In case the primer isn’t sticking to the body as it’s supposed to, give it some more time in the sun.
Next, it’s time to get to work on the fun part; spraying designs on the primer. Here, you’re encouraged to let loose your internal creative genius and make patterns and designs on the frame as you see fit.
Don’t forget to shake the paint before use and take care to protect your eyes and face from paint droplets. As far as bike tips go, it’s pertinent to mention that this painting activity should be done in a shed to ensure direct sunlight doesn’t come into contact with fresh paint.
5. Take care of the rest of the bike
Although you were preoccupied with beautifying the frame, don’t forget that you had neatly separated all other parts from the frame in Step 2. While the paint dries on the frame, proceed with cleaning the rest of the parts of the bicycle.
The wheel rims, fork, pedals, brake pads, chain, and other components would have collected a lot of dust and grease. Begin the cleaning process by first submerging these items in warm water concurrently.
Next, vigorously clean these items with either sponge or another lightly abrasive material so as to get the paste of oil and dirt off.
These components may also have rust on them. To remove rust, follow the same procedure as in Step 2.
At the end of this step, each component is bound to be clean and rust-free.
6. Re-assemble the bike
Now that all parts of the bike have been cleaned and painted, reassemble the bike. As you go through each part below, take care to lubricate all of these parts during their process of installation.
Start with the drive train set.
Carefully place the chain over the sprocket and derailleurs. Ensure that the chain doesn’t lag and is exactly the length required for smooth operations.
If the chain is lagging, it’s longer than it should be. Therefore, it needs to be shortened by removing the pin that connects the excess length to the rest of the chain.
Next, inspect the brake calipers. Ensure that they aren’t rusted, and if they are, they would need to be replaced.
Then, you need to check whether the braking cable is working as intended. The braking cable goes a long way from the brake handle on the handlebar to the braking pads.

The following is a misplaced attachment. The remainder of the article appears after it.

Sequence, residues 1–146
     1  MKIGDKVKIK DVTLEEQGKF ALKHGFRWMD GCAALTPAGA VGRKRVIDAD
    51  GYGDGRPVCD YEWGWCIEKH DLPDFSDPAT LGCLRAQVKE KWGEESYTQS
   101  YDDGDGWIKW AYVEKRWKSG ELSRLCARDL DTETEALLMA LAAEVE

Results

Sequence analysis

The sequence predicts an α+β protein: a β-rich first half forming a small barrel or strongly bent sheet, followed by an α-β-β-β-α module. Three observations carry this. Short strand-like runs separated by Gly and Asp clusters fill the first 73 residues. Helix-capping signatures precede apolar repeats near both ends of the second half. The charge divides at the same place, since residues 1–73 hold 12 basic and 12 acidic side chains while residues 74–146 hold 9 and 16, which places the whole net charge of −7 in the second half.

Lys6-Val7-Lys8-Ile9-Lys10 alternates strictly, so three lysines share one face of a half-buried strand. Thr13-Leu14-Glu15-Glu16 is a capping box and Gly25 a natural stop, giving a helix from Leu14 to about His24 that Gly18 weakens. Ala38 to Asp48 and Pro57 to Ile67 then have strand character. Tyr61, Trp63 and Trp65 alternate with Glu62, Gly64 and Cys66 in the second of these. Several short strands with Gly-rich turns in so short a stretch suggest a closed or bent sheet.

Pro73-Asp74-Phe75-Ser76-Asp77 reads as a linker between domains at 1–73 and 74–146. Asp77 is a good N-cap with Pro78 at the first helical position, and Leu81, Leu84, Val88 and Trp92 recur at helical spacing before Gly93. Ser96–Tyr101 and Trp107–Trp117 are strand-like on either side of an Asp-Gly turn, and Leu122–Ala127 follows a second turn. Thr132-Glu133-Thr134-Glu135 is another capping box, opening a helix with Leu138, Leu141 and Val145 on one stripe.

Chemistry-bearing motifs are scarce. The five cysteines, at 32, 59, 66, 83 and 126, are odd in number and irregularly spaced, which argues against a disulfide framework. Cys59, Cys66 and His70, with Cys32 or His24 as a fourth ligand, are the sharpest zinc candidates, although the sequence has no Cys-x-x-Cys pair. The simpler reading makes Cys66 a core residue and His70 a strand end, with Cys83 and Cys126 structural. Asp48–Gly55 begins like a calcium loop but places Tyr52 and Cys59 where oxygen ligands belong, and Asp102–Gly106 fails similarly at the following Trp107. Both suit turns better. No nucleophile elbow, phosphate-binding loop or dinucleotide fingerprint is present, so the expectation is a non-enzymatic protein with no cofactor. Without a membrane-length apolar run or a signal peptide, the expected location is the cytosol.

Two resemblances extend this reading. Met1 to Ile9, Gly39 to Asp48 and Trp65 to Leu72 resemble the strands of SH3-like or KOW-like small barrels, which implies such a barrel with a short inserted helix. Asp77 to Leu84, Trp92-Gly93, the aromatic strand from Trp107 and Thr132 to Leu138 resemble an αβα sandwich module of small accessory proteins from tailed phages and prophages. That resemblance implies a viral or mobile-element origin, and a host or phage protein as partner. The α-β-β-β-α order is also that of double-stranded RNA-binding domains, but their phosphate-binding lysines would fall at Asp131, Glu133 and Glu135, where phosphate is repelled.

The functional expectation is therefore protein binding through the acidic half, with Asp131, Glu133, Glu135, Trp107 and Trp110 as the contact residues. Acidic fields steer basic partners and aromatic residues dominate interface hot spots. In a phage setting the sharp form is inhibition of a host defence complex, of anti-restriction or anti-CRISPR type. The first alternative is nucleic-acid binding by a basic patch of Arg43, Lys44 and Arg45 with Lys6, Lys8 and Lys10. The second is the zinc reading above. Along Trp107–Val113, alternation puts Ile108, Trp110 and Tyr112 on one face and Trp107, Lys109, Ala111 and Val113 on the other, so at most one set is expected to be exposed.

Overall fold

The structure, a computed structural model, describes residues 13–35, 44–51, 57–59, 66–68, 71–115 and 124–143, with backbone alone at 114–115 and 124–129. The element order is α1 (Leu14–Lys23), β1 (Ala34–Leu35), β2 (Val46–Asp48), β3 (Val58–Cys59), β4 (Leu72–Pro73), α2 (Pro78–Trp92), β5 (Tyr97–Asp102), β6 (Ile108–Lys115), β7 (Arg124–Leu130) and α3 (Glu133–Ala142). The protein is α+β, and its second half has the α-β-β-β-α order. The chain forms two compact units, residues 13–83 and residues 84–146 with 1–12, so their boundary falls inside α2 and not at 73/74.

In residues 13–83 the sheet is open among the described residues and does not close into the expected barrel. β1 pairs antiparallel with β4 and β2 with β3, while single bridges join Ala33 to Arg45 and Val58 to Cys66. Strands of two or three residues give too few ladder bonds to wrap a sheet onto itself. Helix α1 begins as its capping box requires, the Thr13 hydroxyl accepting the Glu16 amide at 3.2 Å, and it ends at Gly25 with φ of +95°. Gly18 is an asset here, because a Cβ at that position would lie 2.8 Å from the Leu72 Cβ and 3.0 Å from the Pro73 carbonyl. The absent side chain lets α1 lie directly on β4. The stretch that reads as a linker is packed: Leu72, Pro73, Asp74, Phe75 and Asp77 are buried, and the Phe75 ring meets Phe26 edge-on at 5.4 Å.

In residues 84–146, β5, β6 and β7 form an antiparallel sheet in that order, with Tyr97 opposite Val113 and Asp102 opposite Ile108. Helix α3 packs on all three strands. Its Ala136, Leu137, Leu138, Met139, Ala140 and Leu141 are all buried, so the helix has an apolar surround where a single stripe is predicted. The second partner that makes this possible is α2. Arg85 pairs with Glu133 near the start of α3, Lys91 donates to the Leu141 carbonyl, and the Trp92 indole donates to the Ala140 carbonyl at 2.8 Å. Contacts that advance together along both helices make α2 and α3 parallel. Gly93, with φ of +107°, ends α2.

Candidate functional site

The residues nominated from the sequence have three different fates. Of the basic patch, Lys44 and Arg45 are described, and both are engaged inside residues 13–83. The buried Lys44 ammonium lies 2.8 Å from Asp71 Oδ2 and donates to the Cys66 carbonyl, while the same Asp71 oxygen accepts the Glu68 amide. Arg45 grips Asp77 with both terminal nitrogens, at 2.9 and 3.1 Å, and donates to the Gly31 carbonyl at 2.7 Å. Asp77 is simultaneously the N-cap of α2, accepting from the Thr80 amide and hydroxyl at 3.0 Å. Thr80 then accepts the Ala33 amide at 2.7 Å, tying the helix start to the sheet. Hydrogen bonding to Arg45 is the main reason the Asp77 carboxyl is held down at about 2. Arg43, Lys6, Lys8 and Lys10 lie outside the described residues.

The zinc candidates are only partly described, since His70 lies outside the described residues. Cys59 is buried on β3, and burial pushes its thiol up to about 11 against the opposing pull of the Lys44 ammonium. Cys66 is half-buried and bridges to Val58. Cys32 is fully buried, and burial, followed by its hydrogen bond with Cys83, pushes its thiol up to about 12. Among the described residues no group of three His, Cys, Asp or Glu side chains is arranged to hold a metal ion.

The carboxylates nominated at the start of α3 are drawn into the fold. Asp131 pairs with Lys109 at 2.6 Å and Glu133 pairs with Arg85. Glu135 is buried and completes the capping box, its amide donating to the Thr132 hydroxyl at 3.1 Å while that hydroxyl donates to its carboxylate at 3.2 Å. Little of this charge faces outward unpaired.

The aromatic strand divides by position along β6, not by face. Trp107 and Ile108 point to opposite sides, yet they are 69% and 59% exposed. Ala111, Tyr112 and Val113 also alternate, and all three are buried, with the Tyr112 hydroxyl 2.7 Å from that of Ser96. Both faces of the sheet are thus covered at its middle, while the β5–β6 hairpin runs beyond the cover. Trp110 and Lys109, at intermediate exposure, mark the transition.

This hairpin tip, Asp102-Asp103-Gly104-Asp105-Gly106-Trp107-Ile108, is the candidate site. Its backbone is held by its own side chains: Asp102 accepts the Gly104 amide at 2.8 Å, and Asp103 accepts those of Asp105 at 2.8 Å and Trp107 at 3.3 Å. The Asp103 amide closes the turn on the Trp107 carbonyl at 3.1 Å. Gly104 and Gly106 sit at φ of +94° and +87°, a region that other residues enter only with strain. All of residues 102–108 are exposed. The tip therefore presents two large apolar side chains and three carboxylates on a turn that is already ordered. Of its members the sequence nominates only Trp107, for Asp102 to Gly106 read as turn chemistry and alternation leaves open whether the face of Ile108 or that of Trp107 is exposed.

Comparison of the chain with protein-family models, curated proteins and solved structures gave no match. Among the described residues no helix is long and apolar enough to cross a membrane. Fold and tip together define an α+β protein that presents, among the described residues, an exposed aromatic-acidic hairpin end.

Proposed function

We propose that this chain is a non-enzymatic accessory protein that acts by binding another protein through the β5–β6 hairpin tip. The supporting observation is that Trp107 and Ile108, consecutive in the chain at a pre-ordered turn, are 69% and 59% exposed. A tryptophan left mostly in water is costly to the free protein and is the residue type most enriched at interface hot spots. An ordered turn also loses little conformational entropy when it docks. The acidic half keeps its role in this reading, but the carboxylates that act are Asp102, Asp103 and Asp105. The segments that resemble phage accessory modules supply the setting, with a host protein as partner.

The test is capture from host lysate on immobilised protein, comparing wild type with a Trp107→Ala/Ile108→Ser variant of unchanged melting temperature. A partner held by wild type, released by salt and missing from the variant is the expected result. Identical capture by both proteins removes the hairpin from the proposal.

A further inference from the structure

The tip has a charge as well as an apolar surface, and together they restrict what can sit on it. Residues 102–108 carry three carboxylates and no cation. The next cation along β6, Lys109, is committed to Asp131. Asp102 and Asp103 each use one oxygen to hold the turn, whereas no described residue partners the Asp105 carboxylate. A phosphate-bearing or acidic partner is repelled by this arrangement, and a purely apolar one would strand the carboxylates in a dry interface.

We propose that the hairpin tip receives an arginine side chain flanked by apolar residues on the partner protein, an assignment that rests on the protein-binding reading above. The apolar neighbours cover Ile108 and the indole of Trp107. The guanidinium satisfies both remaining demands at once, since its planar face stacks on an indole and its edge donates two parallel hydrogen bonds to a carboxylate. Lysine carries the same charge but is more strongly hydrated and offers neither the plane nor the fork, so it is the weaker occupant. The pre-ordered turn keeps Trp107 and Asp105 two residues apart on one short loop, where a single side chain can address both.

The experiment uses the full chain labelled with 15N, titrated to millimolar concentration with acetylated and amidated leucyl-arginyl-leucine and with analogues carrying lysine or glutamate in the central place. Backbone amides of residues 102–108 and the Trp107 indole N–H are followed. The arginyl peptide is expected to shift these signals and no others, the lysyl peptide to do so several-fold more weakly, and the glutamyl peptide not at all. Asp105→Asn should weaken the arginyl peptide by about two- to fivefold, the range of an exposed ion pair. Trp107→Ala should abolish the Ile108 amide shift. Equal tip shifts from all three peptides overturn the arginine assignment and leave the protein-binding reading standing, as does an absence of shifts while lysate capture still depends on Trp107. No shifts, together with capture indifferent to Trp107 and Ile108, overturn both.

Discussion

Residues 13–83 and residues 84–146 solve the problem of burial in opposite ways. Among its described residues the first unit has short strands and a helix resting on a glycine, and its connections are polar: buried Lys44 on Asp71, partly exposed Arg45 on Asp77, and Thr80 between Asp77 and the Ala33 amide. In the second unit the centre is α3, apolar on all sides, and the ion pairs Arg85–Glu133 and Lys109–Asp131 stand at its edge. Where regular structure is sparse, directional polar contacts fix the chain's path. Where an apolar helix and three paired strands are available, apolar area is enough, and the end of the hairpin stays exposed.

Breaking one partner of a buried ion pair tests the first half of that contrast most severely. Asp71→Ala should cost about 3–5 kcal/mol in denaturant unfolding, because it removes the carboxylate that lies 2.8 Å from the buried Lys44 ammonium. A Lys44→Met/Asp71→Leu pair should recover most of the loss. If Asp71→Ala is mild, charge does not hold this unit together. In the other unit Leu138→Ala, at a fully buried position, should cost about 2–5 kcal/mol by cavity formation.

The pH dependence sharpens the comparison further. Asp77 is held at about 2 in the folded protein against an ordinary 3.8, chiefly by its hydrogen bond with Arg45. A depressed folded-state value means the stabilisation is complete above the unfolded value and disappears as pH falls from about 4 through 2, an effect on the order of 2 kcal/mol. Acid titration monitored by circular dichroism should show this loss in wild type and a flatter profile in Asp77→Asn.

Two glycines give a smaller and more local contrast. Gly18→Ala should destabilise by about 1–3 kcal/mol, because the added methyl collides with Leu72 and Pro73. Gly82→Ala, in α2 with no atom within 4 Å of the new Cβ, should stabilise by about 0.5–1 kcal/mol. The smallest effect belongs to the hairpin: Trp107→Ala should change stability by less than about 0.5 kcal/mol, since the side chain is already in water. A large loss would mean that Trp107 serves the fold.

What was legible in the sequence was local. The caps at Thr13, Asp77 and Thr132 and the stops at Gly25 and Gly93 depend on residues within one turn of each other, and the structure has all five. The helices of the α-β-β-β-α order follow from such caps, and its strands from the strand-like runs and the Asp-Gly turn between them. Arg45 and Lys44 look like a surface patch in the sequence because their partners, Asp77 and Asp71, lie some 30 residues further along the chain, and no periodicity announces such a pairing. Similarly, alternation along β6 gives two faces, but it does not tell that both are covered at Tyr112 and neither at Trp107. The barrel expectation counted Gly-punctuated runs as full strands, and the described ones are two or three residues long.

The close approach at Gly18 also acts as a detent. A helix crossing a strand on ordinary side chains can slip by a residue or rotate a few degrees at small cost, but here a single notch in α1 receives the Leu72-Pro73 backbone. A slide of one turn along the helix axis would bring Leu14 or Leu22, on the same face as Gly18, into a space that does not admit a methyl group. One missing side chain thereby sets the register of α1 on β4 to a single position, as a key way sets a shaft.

Braking pads are rubber parts that grind against the tires to stop them. In case they’re worn out, these pads would need replacement as well.
Then, insert the tires between the forks and connect the two using the hub. Install the seat post as well and ensure that it’s high enough to provide both comfort and control.
After most pieces of the bike have been installed, proceed with reinstalling the head badge in its original position. This badge typically houses the logo of the manufacturer.
For safety, installation of bike eye is recommended. Bike eye is a bicycle mirror that apprises the rider of any oncoming traffic on his way from behind.
7. Test the bike
Once again, check that every component of the bicycle is in its required place and is in working order. A checklist would be nice at this stage as it would ensure that nothing is missed.
Check the brakes, gears, seat post height, and other components essential for a comfortable ride. An anti-rust coating may be applied at this stage to protect the parts from corrosion.
The restoration project is now complete and the end product is now good as new and ready for another life, so go ahead and take it for a spin.
You can also include some decals and stickers on the bicycle to make the ride stylish and cool.
The project of restoring an old bike yourself is a transformative experience. With equal portions of fun and learning, such a process will not only lead novices to learn about bicycles more but will also impart a newfound appreciation for the craft itself.
While a bike mechanic may do this same process faster, choosing service centers would mean significant cost expenditure as well as letting go of a great chance to learn some cool new skills.
The step-by-step process above is designed to be followed by people of every experience level. All the tools and material included in the process are easily available everywhere, making road bike restoration a worthwhile experience for all those who dare to try it.